Directed by Matteo Garrone


A hard-headed look at ­Italy’s most fearsome crime organization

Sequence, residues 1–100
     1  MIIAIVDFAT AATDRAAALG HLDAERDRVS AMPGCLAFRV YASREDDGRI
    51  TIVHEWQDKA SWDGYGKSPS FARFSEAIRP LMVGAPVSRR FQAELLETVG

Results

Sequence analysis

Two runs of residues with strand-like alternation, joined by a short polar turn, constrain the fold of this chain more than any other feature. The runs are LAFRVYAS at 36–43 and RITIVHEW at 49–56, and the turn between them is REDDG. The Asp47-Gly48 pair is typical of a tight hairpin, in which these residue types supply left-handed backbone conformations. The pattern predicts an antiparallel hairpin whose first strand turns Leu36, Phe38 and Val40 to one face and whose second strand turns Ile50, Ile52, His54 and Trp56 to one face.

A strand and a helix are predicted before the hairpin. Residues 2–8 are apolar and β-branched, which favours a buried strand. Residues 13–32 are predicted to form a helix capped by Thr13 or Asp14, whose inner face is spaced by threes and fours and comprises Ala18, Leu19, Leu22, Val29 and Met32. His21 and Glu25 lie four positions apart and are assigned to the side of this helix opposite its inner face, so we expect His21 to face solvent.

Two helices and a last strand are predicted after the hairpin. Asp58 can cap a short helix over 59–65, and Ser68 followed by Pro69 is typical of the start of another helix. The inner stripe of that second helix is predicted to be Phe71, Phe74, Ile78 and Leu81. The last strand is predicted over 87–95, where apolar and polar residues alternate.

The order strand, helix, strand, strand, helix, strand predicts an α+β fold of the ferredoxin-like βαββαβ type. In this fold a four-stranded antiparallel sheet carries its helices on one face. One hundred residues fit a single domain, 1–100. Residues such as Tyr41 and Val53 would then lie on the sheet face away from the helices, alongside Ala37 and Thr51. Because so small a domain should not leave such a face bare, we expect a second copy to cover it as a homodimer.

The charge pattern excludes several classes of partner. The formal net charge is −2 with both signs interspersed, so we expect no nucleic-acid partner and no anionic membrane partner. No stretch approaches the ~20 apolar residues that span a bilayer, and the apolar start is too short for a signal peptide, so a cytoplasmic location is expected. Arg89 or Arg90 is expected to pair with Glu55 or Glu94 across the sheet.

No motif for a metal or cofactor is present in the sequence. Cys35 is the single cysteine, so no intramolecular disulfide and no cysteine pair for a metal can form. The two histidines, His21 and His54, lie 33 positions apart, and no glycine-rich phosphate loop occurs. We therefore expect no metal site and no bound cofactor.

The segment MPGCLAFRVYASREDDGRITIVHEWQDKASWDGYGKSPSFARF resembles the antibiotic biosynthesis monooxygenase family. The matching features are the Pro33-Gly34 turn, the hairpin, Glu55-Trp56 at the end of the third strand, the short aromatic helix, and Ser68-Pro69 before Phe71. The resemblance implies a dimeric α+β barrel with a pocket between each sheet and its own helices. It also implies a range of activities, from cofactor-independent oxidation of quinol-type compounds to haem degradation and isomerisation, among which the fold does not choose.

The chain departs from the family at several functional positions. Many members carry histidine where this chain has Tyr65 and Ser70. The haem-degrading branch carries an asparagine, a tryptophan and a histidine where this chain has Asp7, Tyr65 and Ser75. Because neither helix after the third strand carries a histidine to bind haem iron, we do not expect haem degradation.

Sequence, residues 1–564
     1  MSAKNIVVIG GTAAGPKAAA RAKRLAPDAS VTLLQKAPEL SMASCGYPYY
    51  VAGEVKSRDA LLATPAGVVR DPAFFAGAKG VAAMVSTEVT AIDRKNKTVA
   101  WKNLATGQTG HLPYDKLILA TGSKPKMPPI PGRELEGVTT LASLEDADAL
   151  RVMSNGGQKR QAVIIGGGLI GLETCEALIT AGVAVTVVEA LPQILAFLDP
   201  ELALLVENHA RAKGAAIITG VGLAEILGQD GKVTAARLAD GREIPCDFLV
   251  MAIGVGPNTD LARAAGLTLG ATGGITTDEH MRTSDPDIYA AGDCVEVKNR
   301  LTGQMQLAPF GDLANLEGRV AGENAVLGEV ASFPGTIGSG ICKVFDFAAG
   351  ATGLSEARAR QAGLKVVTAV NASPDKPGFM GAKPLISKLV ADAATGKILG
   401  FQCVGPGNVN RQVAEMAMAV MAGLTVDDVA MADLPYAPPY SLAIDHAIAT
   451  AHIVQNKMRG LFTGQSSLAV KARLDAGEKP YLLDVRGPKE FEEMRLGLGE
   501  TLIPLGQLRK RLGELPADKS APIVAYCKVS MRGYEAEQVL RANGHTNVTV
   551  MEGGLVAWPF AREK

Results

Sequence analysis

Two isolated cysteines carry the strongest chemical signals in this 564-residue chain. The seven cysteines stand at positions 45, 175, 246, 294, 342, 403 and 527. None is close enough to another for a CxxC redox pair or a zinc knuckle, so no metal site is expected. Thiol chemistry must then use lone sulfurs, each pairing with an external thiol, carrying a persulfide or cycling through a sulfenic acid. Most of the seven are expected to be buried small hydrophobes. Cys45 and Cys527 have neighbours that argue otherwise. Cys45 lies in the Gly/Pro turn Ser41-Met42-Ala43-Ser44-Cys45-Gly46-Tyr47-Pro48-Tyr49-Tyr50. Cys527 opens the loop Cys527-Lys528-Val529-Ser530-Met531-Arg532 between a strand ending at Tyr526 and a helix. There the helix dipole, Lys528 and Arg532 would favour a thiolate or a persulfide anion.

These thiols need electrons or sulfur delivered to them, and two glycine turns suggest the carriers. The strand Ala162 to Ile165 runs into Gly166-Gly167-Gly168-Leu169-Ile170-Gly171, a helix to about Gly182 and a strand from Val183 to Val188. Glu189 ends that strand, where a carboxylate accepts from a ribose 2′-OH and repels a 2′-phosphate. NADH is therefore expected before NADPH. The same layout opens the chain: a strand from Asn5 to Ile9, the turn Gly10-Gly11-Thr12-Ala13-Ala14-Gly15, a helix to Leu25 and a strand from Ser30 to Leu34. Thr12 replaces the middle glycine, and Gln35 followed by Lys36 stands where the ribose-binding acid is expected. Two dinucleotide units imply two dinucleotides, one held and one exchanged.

Gomorrah will challenge everything you know about mob movies, said Manohla Dargis in The New York Times. Don’t expect to see any “white-haired mamas lovingly stirring the spaghetti sauce” or to hear opera arias swelling as the drama heightens. Matteo Garrone’s Gomorrah—a play on Camorra, the name of Italy’s largest crime gang—is a “corrosive and ferociously unsentimental fictional look at Italian organized crime.” There’s nothing glamorous about his portrait of gangster life near Naples, said Andrew O’Hehir in Salon.com. Garrone follows five individuals caught in the Camorra’s perilous web and holds them “at arm’s length, almost dispassionately.” Gomorrah, like the best-selling exposé by Roberto Saviano on which it was based, shows crime syndicates for what they truly are. The real crime bosses are not impressive; they make “Tony Soprano look like Lorenzo de Medici.” Such authenticity makes Gomorrah shockingly immediate, said Kenneth Turan in the Los Angeles Times. Garrone has ­daringly captured a “pitiless world of criminality,” a world in which the fiercest struggle isn’t for money or power but “to get out alive.”